LVMH Moët Hennessy Louis Vuitton is all in for slow justice.

Firing back at Tiffany & Co.’s quest to expedite court proceedings over LVMH’s $16.2 billion deal to buy the American jewelry, LVMH said Thursday “there is no objective reason why the upcoming trial should not take place within a normal time frame.”

“Given the legal and financial issues at stake — in the context of a pandemic that obviously weighs on the ability of a European group to organize its defense in the U.S. — it seems to LVMH that sound justice requires a reasonable time be granted to rule on the matter,” the French company said in a statement.

It also accused Tiffany of “meritless allegations and aggressive misdirection campaign tactics.”

“It is up to the Delaware court to determine who is in his right, and not the chairman of Tiffany through the press.”

The jeweler sued LVMH in Delaware Chancery Court last week after LVMH said it was dropping the deal, citing a request to delay closing from the French government, which is in the midst of a trade spat with Washington.

Tiffany on Wednesday accused LMVH of opposing its efforts to hold an expedited trial, preferring the court to hold off for six or seven months.

In its latest statement, LVMH was clearly blowing a dart at Roger Farah, who on Wednesday let loose and accused the French group of “grasping at any opportunity to delay and avoid its obligations. This includes excuses for failing to make standard antitrust filings, complaints about the pandemic and protests that LVMH previously agreed could not be considered as a valid reason to question the transaction.”

“LVMH’s opposition to our motion to expedite is the latest attempt to run out the clock to avoid fulfilling its obligations under the merger agreement. If LVMH were confident in its legal position, it would have no reason to oppose an expedited trial schedule. We urge the court to hold the trial on a timetable that will enable a decision before the Nov. 24 termination date in the merger agreement,” Farah added.

LVMH’s statement on Thursday said Tiffany executives are seeking swift justice “to avoid having to answer, notably to their shareholders, for their bad results and mismanagement and to see their arguments fall one after another.”

“The next Tiffany results will only confirm the occurrence of a ‘material adverse effect’ and the mediocrity of their management during the crisis, which mainly consisted in creating losses and increasing debts to the detriment of the company’s interest.”

Tiffany has defended the company’s performance, saying it has already returned to profitability and expects to remain profitable for the balance of the year, with fourth-quarter profits exceeding those of the same period in 2019.

LVMH called these forecasts “purely fanciful, even worrying. The only way to even come close to this target would be to so strongly curtail all current investment, particularly in marketing and communications, which is obviously detrimental to the future of the brand and totally contrary to the normal course of business.

“Tiffany clearly fears a serene and fair rendering of justice. LVMH, for its part, has full confidence in the American justice system to demonstrate that the conditions necessary for the acquisition of Tiffany are no longer met and that the fallacious arguments put forth by Tiffany are unfounded.”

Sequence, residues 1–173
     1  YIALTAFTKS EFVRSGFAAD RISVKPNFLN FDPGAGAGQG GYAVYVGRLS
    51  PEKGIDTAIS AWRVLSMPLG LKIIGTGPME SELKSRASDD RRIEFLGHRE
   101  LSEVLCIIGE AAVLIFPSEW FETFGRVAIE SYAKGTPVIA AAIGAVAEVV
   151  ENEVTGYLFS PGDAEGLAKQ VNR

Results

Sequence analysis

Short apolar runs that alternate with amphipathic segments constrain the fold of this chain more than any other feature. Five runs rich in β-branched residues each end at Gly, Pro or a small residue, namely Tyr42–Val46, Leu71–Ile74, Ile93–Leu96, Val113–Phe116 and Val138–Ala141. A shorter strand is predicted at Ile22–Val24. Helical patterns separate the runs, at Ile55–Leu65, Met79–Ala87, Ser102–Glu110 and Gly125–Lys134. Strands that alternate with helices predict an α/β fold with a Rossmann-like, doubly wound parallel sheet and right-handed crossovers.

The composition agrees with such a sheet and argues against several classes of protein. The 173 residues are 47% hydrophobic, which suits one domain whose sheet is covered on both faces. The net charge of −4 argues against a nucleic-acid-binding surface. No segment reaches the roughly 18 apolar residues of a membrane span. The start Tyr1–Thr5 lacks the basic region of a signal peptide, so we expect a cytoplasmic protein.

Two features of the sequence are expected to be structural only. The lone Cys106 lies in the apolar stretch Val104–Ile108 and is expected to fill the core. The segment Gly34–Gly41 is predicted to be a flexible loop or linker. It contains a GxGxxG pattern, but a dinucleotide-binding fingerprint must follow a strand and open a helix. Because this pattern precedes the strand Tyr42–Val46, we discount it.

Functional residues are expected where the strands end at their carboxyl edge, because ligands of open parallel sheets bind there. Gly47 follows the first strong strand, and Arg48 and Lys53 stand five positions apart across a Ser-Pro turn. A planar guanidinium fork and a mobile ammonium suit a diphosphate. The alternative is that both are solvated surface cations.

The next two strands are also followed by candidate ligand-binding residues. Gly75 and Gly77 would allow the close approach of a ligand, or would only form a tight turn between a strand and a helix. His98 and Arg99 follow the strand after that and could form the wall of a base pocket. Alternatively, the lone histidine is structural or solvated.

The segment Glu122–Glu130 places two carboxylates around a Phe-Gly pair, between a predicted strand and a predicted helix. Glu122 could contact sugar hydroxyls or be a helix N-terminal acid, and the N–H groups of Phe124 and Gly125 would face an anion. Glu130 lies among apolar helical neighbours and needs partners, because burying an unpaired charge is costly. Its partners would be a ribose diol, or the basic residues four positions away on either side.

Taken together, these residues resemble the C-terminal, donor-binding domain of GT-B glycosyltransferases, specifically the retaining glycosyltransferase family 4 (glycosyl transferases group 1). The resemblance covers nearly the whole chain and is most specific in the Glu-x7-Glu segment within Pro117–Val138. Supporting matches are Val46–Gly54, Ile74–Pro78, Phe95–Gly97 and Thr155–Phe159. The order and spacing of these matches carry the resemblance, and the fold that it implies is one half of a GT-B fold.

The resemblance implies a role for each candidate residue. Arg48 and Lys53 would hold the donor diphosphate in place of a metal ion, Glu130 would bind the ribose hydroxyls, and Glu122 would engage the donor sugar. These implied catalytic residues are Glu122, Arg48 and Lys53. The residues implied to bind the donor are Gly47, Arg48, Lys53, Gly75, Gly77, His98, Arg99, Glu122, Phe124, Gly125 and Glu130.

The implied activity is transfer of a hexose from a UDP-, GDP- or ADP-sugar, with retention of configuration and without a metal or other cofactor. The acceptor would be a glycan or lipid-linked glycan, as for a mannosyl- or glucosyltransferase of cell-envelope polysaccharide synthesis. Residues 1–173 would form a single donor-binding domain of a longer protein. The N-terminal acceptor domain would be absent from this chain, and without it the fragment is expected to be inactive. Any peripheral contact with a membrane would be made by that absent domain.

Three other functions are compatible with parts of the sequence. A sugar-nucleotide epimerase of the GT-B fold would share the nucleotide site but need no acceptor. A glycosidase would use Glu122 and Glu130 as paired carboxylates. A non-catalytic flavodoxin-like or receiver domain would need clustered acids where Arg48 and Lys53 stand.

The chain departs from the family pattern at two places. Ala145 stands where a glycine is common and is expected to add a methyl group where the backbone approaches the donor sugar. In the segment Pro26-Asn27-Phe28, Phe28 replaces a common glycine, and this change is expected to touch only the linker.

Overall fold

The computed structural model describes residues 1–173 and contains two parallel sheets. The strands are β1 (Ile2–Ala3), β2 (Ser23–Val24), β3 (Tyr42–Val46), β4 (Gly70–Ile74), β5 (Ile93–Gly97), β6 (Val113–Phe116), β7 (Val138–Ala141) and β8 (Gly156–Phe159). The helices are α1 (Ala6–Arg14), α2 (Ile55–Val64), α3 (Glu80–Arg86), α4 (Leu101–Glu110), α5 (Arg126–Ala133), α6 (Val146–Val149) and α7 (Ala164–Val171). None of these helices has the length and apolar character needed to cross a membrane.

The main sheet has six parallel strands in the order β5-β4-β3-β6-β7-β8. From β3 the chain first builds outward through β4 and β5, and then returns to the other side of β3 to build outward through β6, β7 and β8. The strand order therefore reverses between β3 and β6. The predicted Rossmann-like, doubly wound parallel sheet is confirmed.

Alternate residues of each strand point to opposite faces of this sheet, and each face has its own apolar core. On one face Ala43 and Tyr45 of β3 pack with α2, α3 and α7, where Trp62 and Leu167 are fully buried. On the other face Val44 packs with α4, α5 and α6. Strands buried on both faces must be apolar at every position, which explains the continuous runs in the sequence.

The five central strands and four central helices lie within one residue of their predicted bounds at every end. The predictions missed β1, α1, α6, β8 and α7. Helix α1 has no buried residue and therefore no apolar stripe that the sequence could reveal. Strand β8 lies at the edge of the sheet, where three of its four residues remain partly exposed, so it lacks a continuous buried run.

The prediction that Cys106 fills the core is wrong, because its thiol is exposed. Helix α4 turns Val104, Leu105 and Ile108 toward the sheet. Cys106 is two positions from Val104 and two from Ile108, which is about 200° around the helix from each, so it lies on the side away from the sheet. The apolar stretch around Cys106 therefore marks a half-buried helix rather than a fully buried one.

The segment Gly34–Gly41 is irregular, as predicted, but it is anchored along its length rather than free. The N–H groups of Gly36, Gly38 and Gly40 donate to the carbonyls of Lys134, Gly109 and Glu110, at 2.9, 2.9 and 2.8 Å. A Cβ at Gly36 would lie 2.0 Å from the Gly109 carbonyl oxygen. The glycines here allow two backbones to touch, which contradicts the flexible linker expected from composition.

LVMH noted that it submitted its conclusions to the Delaware court on Wednesday night, seeing that it dismiss Tiffany’s request for an expedited decision.

In its filing late Wednesday, LVMH disputed Tiffany’s claim that it was intentionally dragging its feet on obtaining regulatory approvals. LVMH said it has already obtained most of the required antitrust clearances and that it expects to obtaining the remaining required approvals by a Nov. 24 deadline to complete the deal.

The course toward a potential trial in civil suits includes a number of early built-in pressure valves meant to get the suit resolved or dismissed without a trial, if possible. For instance, defendants can attempt to dismiss the suit by arguing that the claims lack legal grounds. If the suit crosses that point, the parties can seek information from one another in the form of documents and deposition — a process known as discovery — and seek a ruling in their favor.

“Tiffany offers no reason why this court should move mountains and conduct a full-blown trial involving complex facts and international discovery in less than two months amidst a global pandemic,” LVMH said in its filing.

The company detailed its claims about alleged mismanagement at Tiffany and the pandemic’s impact on the jewelry business. LVMH argued Tiffany had suffered a $45 million loss from operations in the first half of 2020, compared with a $345 million gain a year earlier. The jewelry company also increased its net debt by $300 million in the first half of 2020, according to LVMH’s filing.

And LVMH continued to push back against Tiffany’s argument that the luxury giant was intentionally attempting to back out of the deal. LVMH zeroed in on Tiffany’s performance during the pandemic and said it had sought more information, but that Tiffany was not as forthcoming.

“Prompted by these troubling developments (not by a purported desire to re-trade the deal), LVMH requested information about Tiffany’s financial performance and business operations,” LVMH said in its filing. “Rather than cooperate, Tiffany skewed the facts, providing scant information that did not resolve LVMH’s concerns.”

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